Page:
Among other things, the coronavirus health crisis showed some companies many of their employees were still productive working from home using remote technology, along with some other unexpected advantages.
In the past two years, remote workers generally reported less stress and improved morale and took fewer sick days.
Today, many employees now actively pursue jobs allowing home or hybrid work schedules. As of December 2022, 26% of U.S. employees worked remotely at least part of the time, four times the pre-pandemic total. Some analysts believe that number could rise as high as 35% by 2025.
Inevitably, that means there will be many two-income households where both partners work at home - at least part of the time. It’s a complex situation, combining spending more time with the one you love with the more serious aspects of work.
Working in the same home with your spouse will require some flexibility. The ability to work well with another person is usually acquired over time. That’s where couples might have both an advantage and a disadvantage.
The home is often a haven from our “work personalities,” where we can be free to criticize co-workers without fear. Our spouse/partner becomes our sounding board, confidant, and psychiatrist.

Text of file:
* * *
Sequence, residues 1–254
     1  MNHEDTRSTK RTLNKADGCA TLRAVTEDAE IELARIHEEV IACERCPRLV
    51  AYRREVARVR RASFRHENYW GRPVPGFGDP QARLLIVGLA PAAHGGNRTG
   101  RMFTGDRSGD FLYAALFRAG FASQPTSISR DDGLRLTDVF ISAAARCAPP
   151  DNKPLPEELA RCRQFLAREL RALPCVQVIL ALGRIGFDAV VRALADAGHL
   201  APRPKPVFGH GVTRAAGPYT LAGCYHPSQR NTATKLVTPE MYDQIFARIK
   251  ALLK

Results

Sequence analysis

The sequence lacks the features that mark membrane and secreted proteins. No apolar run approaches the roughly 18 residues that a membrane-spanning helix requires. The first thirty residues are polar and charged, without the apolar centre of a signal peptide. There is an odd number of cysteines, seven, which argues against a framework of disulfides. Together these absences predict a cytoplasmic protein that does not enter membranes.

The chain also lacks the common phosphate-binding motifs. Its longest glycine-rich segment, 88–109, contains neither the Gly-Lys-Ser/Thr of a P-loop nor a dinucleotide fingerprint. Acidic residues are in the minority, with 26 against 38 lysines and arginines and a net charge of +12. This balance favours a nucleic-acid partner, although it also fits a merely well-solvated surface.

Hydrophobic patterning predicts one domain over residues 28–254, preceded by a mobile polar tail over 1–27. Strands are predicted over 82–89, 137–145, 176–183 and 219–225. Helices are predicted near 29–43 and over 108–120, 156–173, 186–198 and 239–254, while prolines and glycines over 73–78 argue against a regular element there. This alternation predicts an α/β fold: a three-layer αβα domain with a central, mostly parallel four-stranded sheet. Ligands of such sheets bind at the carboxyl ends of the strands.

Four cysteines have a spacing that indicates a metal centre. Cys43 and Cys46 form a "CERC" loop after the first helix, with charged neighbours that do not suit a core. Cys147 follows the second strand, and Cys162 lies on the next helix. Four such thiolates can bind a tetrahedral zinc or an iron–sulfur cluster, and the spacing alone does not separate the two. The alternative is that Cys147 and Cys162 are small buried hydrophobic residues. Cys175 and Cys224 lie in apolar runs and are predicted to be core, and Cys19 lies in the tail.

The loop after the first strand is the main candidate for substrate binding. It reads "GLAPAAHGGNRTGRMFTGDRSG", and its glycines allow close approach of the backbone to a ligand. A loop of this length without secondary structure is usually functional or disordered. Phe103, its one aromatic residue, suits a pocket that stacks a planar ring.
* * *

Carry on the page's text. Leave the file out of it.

This is one part of working together that might take some getting used to. To be successful, it is important to wear the “employee hat” during work hours.
Those who harp on their spouse’s job performance may be in for a rude awakening. Couples who are quick to argue might not be the best office mates. One must use the same degree of restraint they would use in an office.
Learn to separate your business life from your professional life. Focus on the house, the kids and each other. If caring for children is part of the equation, you might have to stagger work hours. You might even be better served finding a suitable daycare or babysitter.
For people with smaller homes, sharing office space probably makes sense. But if you can, find work areas you can truly call your own. Spouses have a way of distracting each other.
Working in the same place as your spouse or partner can be a profitable experience, provided you can set up some boundaries of both time and space. At the very least, developing consistent set hours should lead to more work harmony.